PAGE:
Tuesday federal headlines – October 6, 2015

The Federal Headlines is a daily compilation of the stories you hear discussed on the Federal Drive and In Depth radio shows. Our headlines are updated twice per day — once in the morning and once in the afternoon — with the latest news affecting federal employees and contractors.

  • If confirmed by the Senate, Michael Missal could be the first inspector general of the Veterans Affairs Department in nearly two years. President Barack Obama has tapped Missal, a corporate lawyer, for the post. Missal is a partner at the D.C. office of K&L Gates. He’s also worked for government as a lawyer for the Securities and Exchange Commission, and as an assistant to the Senate Ethics Committee during its investigation of former Sen. John Ensign (R-Nev.). He would come into the IG’s office at a difficult time. Agency whistleblowers recently told Congress that they would not recommend that others seek help from the IG. (Federal News Radio)
  • The Defense Department is asking Congress to shift $23 million in additional funds to protect its federal workers compromised by the Office of Personnel Management hacks. The money will go toward a suite of credit monitoring services for the workers. DoD shifted $132 million for the same services back in July. DoD said the $23 million in funds will be taken from cost savings realized from the decline in gas prices. (Federal News Radio)
  • The Homeland Security Department’s inspector general reopened its investigation into allegations at the Secret Service. The IG said some Secret Service agents improperly accessed an agency database to find an old job application for now House Oversight and Government Reform Committee Chairman Jason Chaffetz. The DHS IG said it will add an addendum to its original report, because Secret Service Director Joseph Clancy changed his recollection of what happened. DHS Secretary Jeh Johnson said he’s confident in Clancy. (Federal News Radio)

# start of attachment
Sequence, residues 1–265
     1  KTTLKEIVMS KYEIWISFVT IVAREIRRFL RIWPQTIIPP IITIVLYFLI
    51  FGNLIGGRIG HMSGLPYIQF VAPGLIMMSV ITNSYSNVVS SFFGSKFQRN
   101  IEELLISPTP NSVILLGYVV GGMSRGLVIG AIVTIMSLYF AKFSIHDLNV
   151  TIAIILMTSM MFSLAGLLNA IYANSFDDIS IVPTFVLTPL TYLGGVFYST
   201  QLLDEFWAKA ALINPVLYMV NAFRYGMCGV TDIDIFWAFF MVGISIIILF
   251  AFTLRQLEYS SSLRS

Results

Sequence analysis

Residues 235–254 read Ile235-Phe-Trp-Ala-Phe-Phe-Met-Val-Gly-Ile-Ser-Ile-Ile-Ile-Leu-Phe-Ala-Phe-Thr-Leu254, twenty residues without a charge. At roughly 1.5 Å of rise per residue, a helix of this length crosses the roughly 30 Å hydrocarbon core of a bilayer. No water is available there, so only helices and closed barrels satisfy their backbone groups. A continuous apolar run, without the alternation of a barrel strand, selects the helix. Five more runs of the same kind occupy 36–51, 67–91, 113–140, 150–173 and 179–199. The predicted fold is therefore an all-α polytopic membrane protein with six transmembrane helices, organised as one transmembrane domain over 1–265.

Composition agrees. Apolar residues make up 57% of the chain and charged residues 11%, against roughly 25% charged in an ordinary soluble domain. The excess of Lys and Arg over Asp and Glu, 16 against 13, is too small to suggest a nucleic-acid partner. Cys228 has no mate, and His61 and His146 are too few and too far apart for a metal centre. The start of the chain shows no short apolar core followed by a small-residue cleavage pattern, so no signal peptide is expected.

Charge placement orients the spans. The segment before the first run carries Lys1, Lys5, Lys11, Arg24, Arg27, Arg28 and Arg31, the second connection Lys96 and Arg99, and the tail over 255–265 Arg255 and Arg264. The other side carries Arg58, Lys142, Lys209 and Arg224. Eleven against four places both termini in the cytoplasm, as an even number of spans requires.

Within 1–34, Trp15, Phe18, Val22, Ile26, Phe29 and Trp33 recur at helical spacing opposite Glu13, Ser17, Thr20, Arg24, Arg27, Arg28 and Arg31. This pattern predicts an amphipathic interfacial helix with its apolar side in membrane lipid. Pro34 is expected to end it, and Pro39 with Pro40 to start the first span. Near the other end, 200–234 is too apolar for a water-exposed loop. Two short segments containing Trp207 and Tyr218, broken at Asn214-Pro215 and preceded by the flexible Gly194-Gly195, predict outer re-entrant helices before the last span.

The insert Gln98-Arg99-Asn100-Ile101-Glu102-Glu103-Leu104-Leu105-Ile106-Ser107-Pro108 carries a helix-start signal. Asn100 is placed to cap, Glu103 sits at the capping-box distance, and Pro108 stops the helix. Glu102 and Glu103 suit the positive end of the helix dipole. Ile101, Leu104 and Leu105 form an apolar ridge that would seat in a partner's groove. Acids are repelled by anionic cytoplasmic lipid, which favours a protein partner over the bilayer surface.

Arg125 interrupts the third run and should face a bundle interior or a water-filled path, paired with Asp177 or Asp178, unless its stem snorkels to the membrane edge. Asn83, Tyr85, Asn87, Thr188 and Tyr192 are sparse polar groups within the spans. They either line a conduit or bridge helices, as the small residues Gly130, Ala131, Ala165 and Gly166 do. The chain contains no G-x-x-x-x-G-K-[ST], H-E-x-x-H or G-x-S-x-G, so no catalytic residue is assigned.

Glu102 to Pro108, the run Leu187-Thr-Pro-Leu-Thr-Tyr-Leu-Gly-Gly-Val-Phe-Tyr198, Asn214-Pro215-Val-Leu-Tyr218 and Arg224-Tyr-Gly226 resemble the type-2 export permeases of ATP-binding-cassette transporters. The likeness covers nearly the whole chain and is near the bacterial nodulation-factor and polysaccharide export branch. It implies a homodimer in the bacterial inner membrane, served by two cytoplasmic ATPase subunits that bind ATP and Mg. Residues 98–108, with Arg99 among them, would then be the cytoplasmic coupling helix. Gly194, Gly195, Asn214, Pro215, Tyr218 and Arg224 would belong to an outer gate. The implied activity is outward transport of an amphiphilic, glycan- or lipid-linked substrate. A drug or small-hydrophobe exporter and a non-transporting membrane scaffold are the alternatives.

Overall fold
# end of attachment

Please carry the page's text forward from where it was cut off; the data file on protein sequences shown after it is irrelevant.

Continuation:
• The Energy Department and the General Services Administration are looking for green building innovations. GSA and Energy are releasing a request for information for industry and others to provide potential new technologies to improve the economic and environmental performance of federal and commercial buildings. The five technology areas are: energy management, window attachments, fans and blowers, renewable energy, and water conservation and reuse.
    GSA and Energy will match selected technologies with federally owned buildings or commercial buildings  to pilot how they work. The technologies will be  through evaluated by third-party experts. The goal of the project is  to help spur deployment of high impact technologies, and to inform public and private sector investment decisions. (FBO)
  • Four senators are taking aim at reducing fraud across the government.
    Sens. Tom Carper (D-Del.) , Ron Johnson (R-Wis.), Claire McCaskill (D-Mo.) and Thom Tillis (R-N.C.) introduced the Fraud Reduction and Data Analytics Act of 2015. The bill would require agencies to conduct regular fraud risk assessments and develop strategies to combat fraud within their programs. The lawmakers want agencies to implement new financial controls in order to identify and prevent fraud, and to share anti-fraud best practices with each other. The bill focuses getting agencies to follow a new framework developed by the Government Accountability Office.
  • It is now easier for veterans to enroll in the Veterans Choice program. The initiative helps veterans receive healthcare from non-VA facilities. Under the expansion veterans who enrolled in healthcare after August 1, 2014 are eligible for the program. A bill signed into law July 31 expanded the program. The VA said  it will implement other changes to the program over several phases. (Veterans Affairs)